- Take it one step at a time. You aren’t going to be able to implement a data-driven, personalized email strategy in one day. Start by importing your contacts and segmenting them as much as you can. A really good campaign moves people dynamically from one campaign to another based on their behavior so spend time outlining your customer lifecycle and matching the appropriate emails with the right people and time.
The Not-So Obvious Tips
- Take personalization to the next level. Including someone’s first name in an email is a great start but as you collect more data, personalization can be so much more powerful. Event tracking is where personalization gets really interesting. When you track events, like a SaaS user failing to login for two weeks, you can automatically trigger emails based on the size of their business, annual revenue, number of employees and past usage history. For most marketers, this would take the place of no communication at all, so it’s nearly guaranteed to drive more sales and user engagement.
- Perform an email audit. Here is a classic email marketing problem. A company sends promotional emails that few people open and read but sends transactional emails — receipts, notifications, welcome notes, etc. — that lots of people read and open. The issue is that transactional emails are opened at up to 8x the rate of promotional emails yet they have little to no marketing value.The key is finding the sweet spot. An email that people need and actually want to open but that also moves them closer to a sales goal.Your transactional emails are likely sent by a third party, so they accomplish a function but do nothing for your marketing efforts. Find every email that your customers could possibly receive from you or on your behalf and start optimizing them. You can read A LOT more on transactional email here.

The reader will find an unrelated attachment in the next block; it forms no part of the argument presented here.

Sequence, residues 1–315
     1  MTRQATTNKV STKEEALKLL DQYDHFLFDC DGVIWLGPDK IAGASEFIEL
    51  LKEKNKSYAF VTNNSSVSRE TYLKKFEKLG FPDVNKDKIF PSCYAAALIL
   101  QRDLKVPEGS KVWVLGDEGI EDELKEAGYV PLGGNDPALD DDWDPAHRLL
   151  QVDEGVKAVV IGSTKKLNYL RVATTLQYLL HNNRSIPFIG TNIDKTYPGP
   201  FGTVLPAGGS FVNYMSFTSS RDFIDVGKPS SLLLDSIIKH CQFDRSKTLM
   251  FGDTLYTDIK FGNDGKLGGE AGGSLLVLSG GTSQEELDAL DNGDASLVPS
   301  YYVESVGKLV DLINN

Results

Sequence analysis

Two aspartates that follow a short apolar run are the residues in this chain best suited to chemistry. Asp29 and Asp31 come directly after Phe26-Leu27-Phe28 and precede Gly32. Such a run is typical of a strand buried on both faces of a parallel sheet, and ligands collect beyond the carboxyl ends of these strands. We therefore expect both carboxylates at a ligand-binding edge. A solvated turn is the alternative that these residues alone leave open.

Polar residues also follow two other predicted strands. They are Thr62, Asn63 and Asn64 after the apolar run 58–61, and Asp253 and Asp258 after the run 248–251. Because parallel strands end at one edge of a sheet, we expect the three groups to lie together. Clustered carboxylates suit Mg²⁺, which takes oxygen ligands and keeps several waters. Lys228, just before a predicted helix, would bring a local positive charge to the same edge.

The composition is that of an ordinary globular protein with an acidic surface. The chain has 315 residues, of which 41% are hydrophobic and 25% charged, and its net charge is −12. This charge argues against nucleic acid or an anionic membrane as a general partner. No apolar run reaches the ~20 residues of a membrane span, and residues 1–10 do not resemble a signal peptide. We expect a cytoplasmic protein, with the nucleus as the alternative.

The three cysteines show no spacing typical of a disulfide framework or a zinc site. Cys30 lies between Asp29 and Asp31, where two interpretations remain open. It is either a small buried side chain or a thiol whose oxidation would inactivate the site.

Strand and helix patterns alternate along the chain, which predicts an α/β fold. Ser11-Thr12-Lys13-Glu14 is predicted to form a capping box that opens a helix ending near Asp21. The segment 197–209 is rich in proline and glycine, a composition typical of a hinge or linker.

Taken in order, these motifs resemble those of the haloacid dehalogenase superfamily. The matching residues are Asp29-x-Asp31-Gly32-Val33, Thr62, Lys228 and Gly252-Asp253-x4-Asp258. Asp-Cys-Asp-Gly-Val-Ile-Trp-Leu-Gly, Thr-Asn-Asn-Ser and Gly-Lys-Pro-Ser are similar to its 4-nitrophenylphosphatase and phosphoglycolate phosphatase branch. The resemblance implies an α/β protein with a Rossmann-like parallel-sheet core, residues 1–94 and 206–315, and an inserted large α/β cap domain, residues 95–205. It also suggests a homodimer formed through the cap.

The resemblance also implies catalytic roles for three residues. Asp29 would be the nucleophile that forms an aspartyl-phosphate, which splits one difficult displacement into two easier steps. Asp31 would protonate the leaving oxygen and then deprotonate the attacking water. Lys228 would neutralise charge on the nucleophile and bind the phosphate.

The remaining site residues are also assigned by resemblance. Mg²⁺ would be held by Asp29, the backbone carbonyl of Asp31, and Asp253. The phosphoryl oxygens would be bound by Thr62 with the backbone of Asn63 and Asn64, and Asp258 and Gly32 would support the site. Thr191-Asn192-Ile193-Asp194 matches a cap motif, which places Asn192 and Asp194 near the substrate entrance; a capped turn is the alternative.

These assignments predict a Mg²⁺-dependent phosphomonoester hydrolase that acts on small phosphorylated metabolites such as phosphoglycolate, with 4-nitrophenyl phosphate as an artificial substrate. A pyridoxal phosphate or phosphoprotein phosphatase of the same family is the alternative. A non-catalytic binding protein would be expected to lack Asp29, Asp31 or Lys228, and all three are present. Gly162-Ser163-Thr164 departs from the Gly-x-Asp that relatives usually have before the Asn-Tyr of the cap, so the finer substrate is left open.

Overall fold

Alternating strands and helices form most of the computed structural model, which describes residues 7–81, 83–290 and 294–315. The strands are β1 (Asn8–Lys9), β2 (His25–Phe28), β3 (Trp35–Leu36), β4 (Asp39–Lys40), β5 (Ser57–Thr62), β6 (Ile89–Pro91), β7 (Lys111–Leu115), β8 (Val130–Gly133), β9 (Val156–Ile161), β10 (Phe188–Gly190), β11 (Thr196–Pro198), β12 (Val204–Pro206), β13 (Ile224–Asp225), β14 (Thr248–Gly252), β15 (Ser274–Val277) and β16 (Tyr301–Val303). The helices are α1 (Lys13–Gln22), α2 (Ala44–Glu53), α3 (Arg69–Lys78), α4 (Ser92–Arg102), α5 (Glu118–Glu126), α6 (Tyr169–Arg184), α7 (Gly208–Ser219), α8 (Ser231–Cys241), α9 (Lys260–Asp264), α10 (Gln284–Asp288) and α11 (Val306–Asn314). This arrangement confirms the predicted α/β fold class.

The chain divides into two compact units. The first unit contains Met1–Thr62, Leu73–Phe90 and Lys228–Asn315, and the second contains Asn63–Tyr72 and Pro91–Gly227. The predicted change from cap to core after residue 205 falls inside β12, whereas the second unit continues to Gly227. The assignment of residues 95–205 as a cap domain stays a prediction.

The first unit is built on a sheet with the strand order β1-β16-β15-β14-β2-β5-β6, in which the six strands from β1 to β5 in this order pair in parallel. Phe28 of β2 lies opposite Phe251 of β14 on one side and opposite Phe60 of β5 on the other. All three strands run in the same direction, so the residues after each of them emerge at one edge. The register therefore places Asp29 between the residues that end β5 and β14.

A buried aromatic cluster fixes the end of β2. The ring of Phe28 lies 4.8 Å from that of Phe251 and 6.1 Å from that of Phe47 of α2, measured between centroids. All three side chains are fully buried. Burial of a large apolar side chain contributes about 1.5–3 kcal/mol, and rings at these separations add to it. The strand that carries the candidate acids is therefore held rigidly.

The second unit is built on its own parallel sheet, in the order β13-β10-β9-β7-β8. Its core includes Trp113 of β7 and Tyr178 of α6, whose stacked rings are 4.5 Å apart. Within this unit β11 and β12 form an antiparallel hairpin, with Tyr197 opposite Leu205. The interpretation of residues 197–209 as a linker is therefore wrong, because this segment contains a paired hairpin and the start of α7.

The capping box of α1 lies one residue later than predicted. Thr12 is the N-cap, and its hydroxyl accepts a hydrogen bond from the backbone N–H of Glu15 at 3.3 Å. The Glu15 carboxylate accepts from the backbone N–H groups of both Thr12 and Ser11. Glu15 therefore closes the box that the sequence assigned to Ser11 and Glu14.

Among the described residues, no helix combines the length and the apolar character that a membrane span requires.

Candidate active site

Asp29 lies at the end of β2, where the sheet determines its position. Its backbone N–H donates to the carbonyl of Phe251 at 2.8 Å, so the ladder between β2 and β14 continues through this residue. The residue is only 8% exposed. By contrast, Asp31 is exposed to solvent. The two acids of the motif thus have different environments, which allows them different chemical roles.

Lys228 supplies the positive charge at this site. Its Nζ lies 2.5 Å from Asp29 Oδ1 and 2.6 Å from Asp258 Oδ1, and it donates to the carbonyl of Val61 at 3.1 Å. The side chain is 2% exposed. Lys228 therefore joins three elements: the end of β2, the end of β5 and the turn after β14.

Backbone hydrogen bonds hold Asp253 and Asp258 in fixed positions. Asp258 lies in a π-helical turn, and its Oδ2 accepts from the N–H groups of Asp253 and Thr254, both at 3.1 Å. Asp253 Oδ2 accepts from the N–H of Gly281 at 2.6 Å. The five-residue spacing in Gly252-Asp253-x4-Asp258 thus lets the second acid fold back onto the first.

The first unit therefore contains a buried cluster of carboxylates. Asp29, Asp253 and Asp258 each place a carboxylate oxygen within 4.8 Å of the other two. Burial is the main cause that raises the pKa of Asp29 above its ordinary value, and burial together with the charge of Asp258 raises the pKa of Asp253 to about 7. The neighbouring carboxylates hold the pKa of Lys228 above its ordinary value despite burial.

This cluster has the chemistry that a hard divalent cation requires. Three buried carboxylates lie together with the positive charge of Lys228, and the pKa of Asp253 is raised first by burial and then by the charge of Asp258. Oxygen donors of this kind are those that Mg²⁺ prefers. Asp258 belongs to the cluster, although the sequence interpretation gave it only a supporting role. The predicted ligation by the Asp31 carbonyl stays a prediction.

- A/B test like your life depends on it. Take advantage of every opportunity to run an A/B test. This holds true for emails, where you can test subject lines, “from” addresses, body copy, calls to action, plain text vs. HTML, time of day, day of the week and a number of other factors. You can also A/B test:
Above all, the key to killing it with email is to think big. What’s your next move? Let us know in the comments.
Image via Matthias Rhomberg